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Reply to "Why are we comfortable with Euro-paganism and not African?"

EP,

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You are missing something.
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That does happen from time to time. I occasionally tell people that I'm not always happy living in my brain because it does do just that. Ah, well.

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None of thse 'harmless' stripped pagan symbols are African in origin.
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OK, but I don't see the problem with that. Humans being what they are, every culture has produced and still does concepts and demands that it ought not. Even in Africa our concepts were not always of the best. In fact, most of what in America passes for honoring our African roots is a romanticized, rather Rousseauean view of ancient Africa, stripped of its real meaning and made harmless by American isolation from all that we don't like, like nature. So Christmass isn't African. That doesn't mean that it's bad nor that things African are by that made better than Christmas, or that we would be better off by celebrating something truly African instead of Christmas.

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BTW bowing down to the X-mass tree on the winter solstice doesn't sound like an empty gesture to me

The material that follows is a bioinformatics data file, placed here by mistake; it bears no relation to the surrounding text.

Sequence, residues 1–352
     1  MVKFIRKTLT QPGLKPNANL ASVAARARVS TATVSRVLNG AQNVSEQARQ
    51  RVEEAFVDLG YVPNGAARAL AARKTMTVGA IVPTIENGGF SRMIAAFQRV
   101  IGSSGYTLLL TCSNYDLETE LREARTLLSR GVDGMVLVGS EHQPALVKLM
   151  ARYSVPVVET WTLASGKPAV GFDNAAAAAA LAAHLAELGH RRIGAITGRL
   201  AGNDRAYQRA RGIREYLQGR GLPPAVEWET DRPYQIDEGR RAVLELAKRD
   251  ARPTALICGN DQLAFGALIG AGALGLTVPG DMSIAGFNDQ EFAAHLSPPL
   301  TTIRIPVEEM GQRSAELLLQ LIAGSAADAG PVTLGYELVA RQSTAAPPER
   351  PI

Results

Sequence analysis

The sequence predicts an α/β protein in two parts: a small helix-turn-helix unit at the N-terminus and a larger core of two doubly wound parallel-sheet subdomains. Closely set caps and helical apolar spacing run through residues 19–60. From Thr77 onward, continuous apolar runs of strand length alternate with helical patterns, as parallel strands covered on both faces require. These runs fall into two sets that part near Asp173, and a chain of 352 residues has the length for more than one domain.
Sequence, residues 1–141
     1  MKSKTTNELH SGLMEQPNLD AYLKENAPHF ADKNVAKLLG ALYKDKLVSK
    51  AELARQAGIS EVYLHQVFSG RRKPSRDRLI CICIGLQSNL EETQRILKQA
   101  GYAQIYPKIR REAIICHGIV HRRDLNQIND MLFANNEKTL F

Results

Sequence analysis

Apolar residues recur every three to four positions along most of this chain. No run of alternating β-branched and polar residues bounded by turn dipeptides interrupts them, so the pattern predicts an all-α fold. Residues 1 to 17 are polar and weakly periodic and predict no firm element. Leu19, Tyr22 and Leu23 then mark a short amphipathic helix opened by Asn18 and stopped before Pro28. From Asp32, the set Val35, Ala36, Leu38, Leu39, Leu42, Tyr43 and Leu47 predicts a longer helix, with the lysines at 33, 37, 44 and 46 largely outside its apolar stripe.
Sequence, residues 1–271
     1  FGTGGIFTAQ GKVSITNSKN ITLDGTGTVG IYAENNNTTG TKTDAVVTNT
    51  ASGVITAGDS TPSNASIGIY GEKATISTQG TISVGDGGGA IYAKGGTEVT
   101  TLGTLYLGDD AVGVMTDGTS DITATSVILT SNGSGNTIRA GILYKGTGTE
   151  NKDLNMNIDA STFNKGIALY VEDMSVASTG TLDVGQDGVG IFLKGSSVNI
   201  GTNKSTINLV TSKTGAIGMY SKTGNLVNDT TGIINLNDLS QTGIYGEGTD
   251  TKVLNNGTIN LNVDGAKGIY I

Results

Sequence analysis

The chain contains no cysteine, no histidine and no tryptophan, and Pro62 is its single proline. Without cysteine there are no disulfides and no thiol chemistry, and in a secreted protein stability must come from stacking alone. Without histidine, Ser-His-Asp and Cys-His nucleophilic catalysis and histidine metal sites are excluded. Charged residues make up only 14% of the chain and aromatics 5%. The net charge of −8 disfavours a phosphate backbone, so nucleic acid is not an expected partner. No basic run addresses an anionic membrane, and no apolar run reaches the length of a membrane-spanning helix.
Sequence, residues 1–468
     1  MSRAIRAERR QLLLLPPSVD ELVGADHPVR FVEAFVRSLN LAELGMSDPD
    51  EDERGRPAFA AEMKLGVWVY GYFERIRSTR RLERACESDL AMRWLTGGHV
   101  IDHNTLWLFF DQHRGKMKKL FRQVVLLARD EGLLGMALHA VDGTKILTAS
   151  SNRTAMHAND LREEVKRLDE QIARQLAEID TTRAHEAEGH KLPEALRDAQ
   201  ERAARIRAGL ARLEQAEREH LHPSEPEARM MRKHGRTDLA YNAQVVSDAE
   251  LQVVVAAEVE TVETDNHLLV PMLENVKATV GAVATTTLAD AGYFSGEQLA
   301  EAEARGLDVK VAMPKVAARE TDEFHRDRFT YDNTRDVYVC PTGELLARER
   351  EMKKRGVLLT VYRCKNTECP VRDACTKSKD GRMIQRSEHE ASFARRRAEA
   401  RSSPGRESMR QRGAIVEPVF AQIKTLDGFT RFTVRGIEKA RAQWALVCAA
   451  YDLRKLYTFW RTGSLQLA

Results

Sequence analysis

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But my point was that we don't bow down to it. We use it as a symbol of a season of fun and frenzied shopping, not anything more. The harm in that lies in us, not in the tree.

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They have us practicing their Euro-paganism and disrespecting, vilifying, and aboring our Afro-pagains...BTW I don't have a problem with the word pagan it just means...the belief and practices othe country folk.
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One form of paganism (and I agree with you that paganism is not a negative term. I tend to use "polytheist" most of the time to keep from having to explain myself on this point repeatedly, but it's a perfectly good word to use) is not different in spirit from another. They differ only in specifics and in details. All of them are an attempt to understand the larger-than-me world.

Trouble is, in America we're not pagans any more, nor do we show any evidence of reverting to pagan thinking. The world is not populated by imps and goblins or even powers bigger than me. That was the point of my thread on believing in nothing. If we can pick and choose what we believe in--and Americans do that--then our Higher Power is ourselves and our choices. This is the reason for deconstructionism, for the multiplicity of beliefs, for the rapid and visceral offense taken at disagreements. The pagan at least had a world larger than himself. We do not. My world is my choice, and that's all that the world is.

Taht's why the pagan symbols are stripped of their meaning and "made harmless," because in our eyes they point to nothing beyond ourselves. We don't bow down to the tree because there's no reason to: "La ilaha illa me."

So it isn't "their" fault. It's the modernist world and culture, which we gladly embrace. It's our fault, not theirs.

But Christmas isn't a bad thing, not when we remember the Savior.
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